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NY Attorney General Letitia James takes charge of Andrew Cuomo probe

CNN logo CNN 3/5/2021 By Gregory Krieg, CNN
a person in a blue shirt: New York State Attorney General Letitia James speaks at a news conference on September 20, 2020 in Rochester, New York. © Joshua Rashaad McFadden/Getty Images New York State Attorney General Letitia James speaks at a news conference on September 20, 2020 in Rochester, New York.

New York Attorney General Letitia James was only a few months into her second term as New York City's public advocate when, over a few hours during a dinner party with friends, a stunning twist of fate put her on a collision course with the state's most powerful man, Gov. Andrew Cuomo.

In a report published on the evening of May 7, 2018, by The New Yorker, then-Attorney General Eric Schneiderman was leveled with a series of domestic and sexual abuse allegations. Within hours -- by the time dessert came around, James recounted later that year -- Schneiderman had announced plans to step down. The next week, James declared her candidacy to replace him.

That November, James was elected New York's attorney general, the first Black person and woman to win statewide office. On the same night, Cuomo won his third term. The pair, who exchanged endorsements that spring, made for strange political allies. James is a favorite of New York progressives, Cuomo their longtime rival and antagonist. But the support of the governor proved too much to turn down and, despite some grumbling on the left, James joined his ticket.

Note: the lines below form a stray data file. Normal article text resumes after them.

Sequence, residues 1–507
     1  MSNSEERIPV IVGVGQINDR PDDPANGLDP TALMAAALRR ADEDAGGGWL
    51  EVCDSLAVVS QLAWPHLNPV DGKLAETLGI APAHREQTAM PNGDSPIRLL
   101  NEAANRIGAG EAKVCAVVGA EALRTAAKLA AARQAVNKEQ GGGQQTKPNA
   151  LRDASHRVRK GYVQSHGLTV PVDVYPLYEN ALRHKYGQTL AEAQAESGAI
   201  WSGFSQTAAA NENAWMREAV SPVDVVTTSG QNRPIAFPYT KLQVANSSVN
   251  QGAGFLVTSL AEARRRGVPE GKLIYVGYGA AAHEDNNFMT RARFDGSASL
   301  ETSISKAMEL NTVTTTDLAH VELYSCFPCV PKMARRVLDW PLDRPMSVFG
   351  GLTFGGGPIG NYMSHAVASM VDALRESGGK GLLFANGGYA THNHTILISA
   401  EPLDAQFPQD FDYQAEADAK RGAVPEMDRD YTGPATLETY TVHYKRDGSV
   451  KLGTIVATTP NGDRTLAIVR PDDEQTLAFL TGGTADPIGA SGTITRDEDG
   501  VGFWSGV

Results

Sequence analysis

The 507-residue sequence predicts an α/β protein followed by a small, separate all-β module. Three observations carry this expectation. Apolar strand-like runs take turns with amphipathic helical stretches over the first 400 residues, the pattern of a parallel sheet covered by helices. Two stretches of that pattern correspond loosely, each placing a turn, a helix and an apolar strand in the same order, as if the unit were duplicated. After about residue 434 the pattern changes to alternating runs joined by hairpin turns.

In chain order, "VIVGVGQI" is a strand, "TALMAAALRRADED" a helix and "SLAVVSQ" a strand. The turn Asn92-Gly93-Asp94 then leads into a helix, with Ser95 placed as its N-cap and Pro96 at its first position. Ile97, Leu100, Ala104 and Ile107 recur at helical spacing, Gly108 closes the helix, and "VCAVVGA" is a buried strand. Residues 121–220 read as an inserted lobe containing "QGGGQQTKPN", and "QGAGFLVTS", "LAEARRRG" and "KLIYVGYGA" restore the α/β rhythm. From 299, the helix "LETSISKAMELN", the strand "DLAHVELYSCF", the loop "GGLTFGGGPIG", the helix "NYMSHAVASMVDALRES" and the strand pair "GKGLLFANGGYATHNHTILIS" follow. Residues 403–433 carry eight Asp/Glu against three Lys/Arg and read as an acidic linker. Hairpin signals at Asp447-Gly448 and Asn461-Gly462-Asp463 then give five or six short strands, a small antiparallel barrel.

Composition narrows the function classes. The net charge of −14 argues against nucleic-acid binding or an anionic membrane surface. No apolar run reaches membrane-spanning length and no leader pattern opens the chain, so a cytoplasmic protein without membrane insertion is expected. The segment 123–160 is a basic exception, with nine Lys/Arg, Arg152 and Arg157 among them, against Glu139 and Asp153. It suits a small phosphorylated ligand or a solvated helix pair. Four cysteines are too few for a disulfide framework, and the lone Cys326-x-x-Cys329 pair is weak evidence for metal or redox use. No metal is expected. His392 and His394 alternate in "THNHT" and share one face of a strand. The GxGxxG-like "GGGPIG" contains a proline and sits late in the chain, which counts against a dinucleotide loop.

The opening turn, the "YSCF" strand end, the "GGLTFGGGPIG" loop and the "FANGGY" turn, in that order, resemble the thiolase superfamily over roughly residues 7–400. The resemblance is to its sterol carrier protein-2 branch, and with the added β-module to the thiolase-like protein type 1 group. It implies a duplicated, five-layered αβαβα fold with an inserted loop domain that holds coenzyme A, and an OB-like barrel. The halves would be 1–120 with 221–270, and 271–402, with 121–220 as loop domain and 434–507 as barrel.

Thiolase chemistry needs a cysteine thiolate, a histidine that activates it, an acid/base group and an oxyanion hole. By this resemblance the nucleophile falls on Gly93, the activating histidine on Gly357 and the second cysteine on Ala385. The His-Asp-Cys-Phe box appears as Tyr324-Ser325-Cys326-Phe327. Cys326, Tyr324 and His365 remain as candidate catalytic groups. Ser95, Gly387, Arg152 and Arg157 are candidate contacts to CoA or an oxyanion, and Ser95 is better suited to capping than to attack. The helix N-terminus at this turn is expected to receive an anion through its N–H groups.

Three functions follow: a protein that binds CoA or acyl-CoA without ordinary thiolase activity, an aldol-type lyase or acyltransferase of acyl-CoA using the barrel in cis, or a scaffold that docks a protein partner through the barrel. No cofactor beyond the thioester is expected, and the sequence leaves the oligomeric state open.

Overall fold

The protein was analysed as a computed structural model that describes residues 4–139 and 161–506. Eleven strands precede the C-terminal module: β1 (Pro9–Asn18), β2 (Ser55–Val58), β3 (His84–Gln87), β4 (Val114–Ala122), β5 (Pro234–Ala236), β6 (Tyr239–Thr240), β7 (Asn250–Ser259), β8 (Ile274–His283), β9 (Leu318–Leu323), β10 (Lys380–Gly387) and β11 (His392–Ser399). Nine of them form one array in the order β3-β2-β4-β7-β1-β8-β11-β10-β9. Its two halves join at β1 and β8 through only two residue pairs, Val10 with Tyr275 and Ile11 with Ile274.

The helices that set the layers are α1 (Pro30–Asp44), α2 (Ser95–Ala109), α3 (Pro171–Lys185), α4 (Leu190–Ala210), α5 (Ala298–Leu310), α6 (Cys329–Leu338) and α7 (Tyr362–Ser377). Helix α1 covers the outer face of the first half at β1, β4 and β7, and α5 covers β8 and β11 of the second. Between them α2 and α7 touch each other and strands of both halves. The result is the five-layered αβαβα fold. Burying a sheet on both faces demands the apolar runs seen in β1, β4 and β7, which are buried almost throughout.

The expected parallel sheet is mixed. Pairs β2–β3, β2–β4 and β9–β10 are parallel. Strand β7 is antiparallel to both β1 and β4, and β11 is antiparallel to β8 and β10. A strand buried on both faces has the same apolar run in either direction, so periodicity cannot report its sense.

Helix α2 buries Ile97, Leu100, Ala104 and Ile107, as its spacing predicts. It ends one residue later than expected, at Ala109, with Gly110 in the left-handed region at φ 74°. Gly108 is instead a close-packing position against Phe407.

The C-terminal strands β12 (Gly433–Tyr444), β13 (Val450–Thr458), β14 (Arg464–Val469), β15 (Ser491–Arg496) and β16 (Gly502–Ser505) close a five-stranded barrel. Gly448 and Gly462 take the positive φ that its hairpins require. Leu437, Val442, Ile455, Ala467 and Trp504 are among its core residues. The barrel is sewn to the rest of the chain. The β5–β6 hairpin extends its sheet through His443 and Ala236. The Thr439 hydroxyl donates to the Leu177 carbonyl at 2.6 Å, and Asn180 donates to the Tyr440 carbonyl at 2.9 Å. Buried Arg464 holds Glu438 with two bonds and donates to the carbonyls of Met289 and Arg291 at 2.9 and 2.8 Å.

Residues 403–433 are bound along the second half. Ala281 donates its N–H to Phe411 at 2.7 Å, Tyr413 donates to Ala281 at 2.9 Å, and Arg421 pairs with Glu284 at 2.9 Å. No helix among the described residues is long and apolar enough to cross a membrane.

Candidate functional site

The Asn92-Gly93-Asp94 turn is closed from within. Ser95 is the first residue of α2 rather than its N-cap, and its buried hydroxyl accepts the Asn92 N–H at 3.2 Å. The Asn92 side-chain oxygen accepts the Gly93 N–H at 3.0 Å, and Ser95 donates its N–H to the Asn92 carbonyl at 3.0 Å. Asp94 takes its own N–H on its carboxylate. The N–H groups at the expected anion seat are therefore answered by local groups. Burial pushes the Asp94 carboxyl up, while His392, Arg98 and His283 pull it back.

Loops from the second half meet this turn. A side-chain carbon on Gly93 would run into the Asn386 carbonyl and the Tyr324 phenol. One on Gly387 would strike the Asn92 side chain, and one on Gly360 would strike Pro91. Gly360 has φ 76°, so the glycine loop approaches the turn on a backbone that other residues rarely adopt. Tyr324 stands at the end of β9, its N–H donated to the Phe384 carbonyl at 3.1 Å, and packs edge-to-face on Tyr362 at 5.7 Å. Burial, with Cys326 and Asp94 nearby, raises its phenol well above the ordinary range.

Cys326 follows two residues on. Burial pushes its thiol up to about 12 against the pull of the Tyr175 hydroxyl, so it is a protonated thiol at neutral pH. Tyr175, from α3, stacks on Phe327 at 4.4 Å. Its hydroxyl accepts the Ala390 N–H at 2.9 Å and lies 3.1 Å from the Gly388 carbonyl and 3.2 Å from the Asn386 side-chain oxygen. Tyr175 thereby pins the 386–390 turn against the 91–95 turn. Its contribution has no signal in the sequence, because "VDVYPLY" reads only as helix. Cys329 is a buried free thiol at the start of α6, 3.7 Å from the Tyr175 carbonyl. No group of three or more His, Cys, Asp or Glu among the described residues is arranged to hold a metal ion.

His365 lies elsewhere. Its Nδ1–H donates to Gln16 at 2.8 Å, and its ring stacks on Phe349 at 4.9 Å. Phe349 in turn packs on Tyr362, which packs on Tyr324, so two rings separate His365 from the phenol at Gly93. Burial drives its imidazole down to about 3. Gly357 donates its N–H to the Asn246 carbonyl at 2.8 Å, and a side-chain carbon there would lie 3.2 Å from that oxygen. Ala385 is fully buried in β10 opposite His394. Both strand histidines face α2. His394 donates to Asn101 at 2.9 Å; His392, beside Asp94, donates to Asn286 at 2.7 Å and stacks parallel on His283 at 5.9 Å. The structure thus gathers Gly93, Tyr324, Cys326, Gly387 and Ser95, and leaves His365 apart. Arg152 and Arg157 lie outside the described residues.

Now, with Cuomo facing calls for his resignation following two allegations of sexual harassment and an accusation that he made unwanted advances on another woman at a 2019 wedding, James is poised to lead an investigation that could derail his political career. After a very public back-and-forth last weekend, Cuomo agreed -- after twice pushing for arrangements that would cut off or limit James's role in the probe -- to formally refer the matter to her office. James is now at the helm of an independent civil inquiry into the governor's behavior. Her office is currently seeking outside counsel, which will be armed with subpoena power and the ability to depose Cuomo as the investigation, which could last for months, gets underway.

For both Cuomo, who, during his own turn as attorney general, launched damaging investigations into two governors, and James, the stakes are clear -- and steep.

"He's saying that nothing inappropriate happened. If the investigation shows that something inappropriate did happen, I think he would have to resign," New York state Senate Majority Leader Andrea Stewart-Cousins, a Democrat, told CNN on Wednesday.

An assortment of New York politicos interviewed for this story split on whether James should be lionized for her courage in standing up to the powerful governor, or regarded as a shrewd politician who read the room and, with cover from high-ranking state officials calling for a truly independent investigation, refused anything less. The reality, others argued, fell somewhere in-between.

Bill Lipton, who ran James' first two campaigns and served until recently as the liberal New York Working Families Party state director, suggested that Cuomo, the party's longtime political rival, had underestimated James.